On Thursday, Gov. Doug Ducey signed a bill making a high school diploma in the state contingent upon students passing the same test given to candidates for U.S. citizenship. The class of 2017 will be the first to have the new requirement.

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NPR Ed
4:14 pm
Thu January 15, 2015

Do Fictional Geniuses Hold Back Real Women?

Geniuses in movies aren't always played by Benedict Cumberbatch, but they are almost always men.
Weinstein Co./Studiocanal/Kobal Collection

Originally published on Fri January 16, 2015 7:39 am

The "Lone Genius" character is hot right now in television and movies. Sometimes the genius is real (think Benedict Cumberbatch in The Imitation Game), and sometimes he's fictional (think Benedict Cumberbatch in Sherlock). But one thing is almost always certain: He's a guy.

Now one researcher says that gender stereotype in art may have a real impact on women in academia.

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UWM Today
1:36 pm
Thu January 15, 2015

UWM Researchers Develop Techniques To Measure Alcohol Consumption

Tom Luljak, Lisa Berger and Michael Fendrich
Credit Jon Strelecki

How much alcohol do you drink each day? It is a direct question that should allow for a straightforward answer.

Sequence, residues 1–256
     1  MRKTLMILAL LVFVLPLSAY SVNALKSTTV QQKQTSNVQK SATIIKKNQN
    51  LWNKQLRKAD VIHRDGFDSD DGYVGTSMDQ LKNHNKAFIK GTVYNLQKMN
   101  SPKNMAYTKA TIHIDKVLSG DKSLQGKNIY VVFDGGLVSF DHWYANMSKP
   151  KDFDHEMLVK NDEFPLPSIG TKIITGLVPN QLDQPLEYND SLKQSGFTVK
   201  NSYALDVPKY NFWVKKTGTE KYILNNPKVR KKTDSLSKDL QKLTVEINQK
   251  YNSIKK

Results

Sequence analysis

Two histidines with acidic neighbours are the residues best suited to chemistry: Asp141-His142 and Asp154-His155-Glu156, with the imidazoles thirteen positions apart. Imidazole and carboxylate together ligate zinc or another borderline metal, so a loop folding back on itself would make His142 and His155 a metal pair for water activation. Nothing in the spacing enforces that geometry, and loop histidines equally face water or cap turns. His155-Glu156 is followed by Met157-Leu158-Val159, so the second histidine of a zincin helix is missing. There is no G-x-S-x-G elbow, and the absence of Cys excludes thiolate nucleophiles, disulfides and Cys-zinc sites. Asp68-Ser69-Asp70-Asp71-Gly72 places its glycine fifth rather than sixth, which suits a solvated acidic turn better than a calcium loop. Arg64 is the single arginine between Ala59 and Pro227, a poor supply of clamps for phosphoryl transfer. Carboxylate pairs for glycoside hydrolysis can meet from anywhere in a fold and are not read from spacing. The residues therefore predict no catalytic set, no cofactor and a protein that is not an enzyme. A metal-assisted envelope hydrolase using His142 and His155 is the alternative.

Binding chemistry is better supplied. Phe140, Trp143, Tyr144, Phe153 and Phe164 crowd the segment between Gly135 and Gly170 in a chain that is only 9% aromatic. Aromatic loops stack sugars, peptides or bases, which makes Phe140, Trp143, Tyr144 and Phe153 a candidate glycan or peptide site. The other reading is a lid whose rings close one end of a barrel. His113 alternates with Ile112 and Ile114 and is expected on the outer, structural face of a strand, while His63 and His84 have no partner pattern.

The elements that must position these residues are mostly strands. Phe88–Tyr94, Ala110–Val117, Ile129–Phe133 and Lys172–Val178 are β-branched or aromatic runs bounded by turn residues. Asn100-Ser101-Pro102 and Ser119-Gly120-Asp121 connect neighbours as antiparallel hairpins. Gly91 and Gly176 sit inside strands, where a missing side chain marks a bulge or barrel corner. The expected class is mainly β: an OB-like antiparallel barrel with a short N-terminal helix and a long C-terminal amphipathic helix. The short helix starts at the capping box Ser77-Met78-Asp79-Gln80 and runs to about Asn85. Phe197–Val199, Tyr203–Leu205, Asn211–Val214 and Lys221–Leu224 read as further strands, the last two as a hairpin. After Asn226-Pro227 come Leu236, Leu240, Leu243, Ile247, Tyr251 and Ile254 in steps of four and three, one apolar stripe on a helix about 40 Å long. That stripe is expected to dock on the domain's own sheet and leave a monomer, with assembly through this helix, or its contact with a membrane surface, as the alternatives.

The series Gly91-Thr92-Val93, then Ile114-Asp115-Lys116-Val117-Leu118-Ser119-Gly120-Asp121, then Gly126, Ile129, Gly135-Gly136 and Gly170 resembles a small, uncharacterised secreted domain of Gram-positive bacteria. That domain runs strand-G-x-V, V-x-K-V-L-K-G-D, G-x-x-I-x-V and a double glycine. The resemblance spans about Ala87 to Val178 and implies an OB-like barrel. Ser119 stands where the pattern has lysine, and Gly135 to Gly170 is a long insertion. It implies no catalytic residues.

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NPR Ed
11:08 pm
Wed January 14, 2015

A New Study Reveals Much About How Parents Really Choose Schools

A painted map of the U.S. seen from inside a classroom at Homer A. Plessy Community School, a charter school in New Orleans.
Eric Westervelt NPR

Originally published on Thu January 15, 2015 8:13 am

The charter school movement is built on the premise that increased competition among schools will sort the wheat from the chaff.

It seems self-evident that parents, empowered by choice, will vote with their feet for academically stronger schools. As the argument goes, the overall effect should be to improve equity as well: Lower-income parents won't have to send their kids to an under-resourced and underperforming school just because it is the closest one to them geographically.